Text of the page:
Damned Albert…

It’s been a while since my last post so sorry about that! I haven’t abandoned my blog and I have actually had the first part of this post written for over a week but then I decided I needed to buy another bottle to finish the review (excuses). Also, I have spent a rather alcoholic weekend in the beautiful city of Chester for a friend’s hen do. If you love beer by the way, Chester is crammed with real ale pubs. Even the hotel I was in, The Mill, had a real ale pub with 10 rotating guests! So now I have sobered up, I’d like to tell you about two beers from the amazing Struise Brouwers.

Over a decade ago, two Flemish ostrich farmers had a crazy notion that they would start brewing beers for their guest house. Now I would never be one to turn down a juicy ostrich steak, but my goodness, I’m glad they branched out into beer! Since humble beginnings producing regional beers with the aid of a local wine maker back in 2001, De Struise Brouwers now have their own microbrewery and have received numerous accolades including the honor of 2008 ‘Best brewers in the world’ as voted for by readers on Rate Beer.

Amongst their line-up proudly stands Black Albert (13%ABV). Described as a “Belgian Royal Stout” and made with ingredients of only Belgian origin, this noble beast was named for the Belgian King Albert II.

Before I started my beer blog, two of the most memorable bottles the OH had brought back from one of his trips to Brussels were Struise Black Damnation I & II (Mocha Bomb). These stuck in my memory because I absolutely adore the Russian Imperial Stout style and these had some clout and a lot of character. Back then, I hadn’t appreciated that these were the first two of a dozen very special creations spawned from Black Albert.

Dark, sophistocated but a little too short...
Dark, sophistocated but a little too short...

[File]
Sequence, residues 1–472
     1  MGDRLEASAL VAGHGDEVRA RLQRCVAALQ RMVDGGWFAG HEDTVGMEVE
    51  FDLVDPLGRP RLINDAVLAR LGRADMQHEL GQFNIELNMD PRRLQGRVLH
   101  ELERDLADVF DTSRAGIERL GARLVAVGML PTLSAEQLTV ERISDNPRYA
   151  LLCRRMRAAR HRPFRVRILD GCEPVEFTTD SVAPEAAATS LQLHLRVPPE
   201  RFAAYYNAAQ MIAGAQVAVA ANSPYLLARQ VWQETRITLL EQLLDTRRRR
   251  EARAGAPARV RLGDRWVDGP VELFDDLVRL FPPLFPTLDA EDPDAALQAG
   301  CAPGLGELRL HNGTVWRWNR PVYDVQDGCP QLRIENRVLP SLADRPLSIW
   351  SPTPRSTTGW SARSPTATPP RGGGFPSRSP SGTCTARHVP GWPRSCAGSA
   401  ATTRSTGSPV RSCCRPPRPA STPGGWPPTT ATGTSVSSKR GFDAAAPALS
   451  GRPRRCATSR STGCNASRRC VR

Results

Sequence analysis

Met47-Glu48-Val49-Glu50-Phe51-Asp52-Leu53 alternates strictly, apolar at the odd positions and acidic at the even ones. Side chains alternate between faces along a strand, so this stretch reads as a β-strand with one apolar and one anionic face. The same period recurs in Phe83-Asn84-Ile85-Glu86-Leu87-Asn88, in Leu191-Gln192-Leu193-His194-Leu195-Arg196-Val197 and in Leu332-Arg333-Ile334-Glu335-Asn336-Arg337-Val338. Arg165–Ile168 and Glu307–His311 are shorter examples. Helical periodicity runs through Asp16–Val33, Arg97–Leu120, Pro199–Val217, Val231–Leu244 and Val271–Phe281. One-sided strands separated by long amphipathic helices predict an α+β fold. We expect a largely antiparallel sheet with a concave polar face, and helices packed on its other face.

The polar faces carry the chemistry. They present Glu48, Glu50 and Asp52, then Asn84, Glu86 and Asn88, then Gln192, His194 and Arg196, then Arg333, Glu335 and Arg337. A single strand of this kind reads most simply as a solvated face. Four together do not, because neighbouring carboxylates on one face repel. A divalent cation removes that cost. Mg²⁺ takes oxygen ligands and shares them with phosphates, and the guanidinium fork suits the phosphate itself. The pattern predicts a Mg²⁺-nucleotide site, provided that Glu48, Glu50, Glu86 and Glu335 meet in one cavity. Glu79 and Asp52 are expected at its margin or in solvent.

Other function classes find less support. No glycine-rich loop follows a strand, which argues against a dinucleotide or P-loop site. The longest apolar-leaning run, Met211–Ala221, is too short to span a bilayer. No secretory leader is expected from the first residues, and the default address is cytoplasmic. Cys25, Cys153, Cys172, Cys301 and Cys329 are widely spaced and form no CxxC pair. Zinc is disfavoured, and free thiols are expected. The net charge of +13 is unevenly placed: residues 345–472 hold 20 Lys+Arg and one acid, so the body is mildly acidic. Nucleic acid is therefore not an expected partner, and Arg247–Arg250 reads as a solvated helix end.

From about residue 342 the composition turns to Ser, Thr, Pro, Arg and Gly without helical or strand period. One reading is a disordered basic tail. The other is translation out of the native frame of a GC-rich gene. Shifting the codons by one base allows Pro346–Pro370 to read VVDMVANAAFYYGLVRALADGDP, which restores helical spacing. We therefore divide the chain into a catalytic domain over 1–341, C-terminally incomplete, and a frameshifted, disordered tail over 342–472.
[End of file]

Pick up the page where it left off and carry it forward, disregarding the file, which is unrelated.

I have now been lucky enough to find Black Damnation IV (13%ABV) right here in Southampton at the lovely Bitter Virtue. IV is the ‘Coffee Club’ edition. To me, ‘Coffee Club’ would make me think of some imaginary sophistocated Al Fresco cafe in Europe where ladies carry dogs in handbags and sip Espresso. This is completely the opposite. The label looks like it’s the kind of beer your mother might have warned you about. A skull grins out from a dark, intricate design which came straight out of the Temple of Doom. The text describes a beer ‘as black as hell, filthy rich in the nose and with a massive taste.’ It shares the first two Black Damnations’ dark, smooth good looks and tight froth cap. What makes this one different is that the Black Albert has been aged for six months in very old rum barrels. The aroma is an intriguingly sweet, malty, rich, dark coffee, like a posh coffee-cream enrobed in a luxurious velvety black chocolate. For a lover of quality espresso, this is pure indulgence. It’s like a thick, warming but naughty bitter-sweet shot of espresso with a little tot of your favorite rum to warm the very depths of the soul. There’s a slight smoke but it’s the rich smoke of very darkly roasted coffee beans, offset by the sweetness of the vanilla. I don’t care if I’m damned – I took a dance with this demon and liked it.

Simply Sumptuous
Simply sumptuous

So now that I had tried three of the Damnation dozen, I had to try the original, hence why this review was slightly held up! Since I had a long train journey to Chester and needed the company, I took Black Albert (13%ABV) along. A crowded train is always so much nicer with an interesting companion. Out of plastic and on a moving vehicle, the Black Albert poured the same rich, dirty black as the Black Damnation IV, but had a slightly effervescent quality with a dark tan head that disappeared in seconds. Maybe this effervecence enhanced the beautiful, addictive aroma of malt, dark cherries and candy-floss which paved the way for one of the most incredible Stouts I have ever experienced. The flavour was rich, gooey, sumptuous dark chocolate gateaux with some of that candy sweetness shining through, the mouthfeel thick like liquid velvet. Right at the end you get a soft malty fruit cake and you’re left a warming alcoholic satisfaction that feels a little naughty like you’ve been stealing the plump kirch cherries from the top of a black forest trifle. The OH had better leave room in his suitcase next time he goes to Brussels for the other 9 Black Damnations – I need to try them all!

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